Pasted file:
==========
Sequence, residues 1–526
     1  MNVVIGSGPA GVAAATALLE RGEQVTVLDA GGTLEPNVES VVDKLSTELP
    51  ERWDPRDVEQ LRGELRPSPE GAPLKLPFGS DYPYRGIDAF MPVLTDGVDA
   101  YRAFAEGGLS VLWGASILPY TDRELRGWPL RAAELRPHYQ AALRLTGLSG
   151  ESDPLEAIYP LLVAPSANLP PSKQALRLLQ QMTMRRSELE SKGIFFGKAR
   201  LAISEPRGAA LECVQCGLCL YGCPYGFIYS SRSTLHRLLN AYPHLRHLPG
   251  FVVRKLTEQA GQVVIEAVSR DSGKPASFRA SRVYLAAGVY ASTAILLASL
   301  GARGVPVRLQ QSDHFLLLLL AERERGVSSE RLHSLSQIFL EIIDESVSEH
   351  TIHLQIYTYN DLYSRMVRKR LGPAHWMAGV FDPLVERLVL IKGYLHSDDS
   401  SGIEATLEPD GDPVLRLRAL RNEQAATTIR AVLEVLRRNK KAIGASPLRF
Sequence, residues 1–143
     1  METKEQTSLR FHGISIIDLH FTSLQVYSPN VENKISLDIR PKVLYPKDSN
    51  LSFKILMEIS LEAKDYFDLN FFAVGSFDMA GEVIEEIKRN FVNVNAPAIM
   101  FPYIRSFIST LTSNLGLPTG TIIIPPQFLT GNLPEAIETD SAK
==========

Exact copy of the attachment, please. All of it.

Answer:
Sequence, residues 1–526
     1  MNVVIGSGPA GVAAATALLE RGEQVTVLDA GGTLEPNVES VVDKLSTELP
    51  ERWDPRDVEQ LRGELRPSPE GAPLKLPFGS DYPYRGIDAF MPVLTDGVDA
   101  YRAFAEGGLS VLWGASILPY TDRELRGWPL RAAELRPHYQ AALRLTGLSG
   151  ESDPLEAIYP LLVAPSANLP PSKQALRLLQ QMTMRRSELE SKGIFFGKAR
   201  LAISEPRGAA LECVQCGLCL YGCPYGFIYS SRSTLHRLLN AYPHLRHLPG
   251  FVVRKLTEQA GQVVIEAVSR DSGKPASFRA SRVYLAAGVY ASTAILLASL
   301  GARGVPVRLQ QSDHFLLLLL AERERGVSSE RLHSLSQIFL EIIDESVSEH
   351  TIHLQIYTYN DLYSRMVRKR LGPAHWMAGV FDPLVERLVL IKGYLHSDDS
   401  SGIEATLEPD GDPVLRLRAL RNEQAATTIR AVLEVLRRNK KAIGASPLRF
Sequence, residues 1–143
     1  METKEQTSLR FHGISIIDLH FTSLQVYSPN VENKISLDIR PKVLYPKDSN
    51  LSFKILMEIS LEAKDYFDLN FFAVGSFDMA GEVIEEIKRN FVNVNAPAIM
   101  FPYIRSFIST LTSNLGLPTG TIIIPPQFLT GNLPEAIETD SAK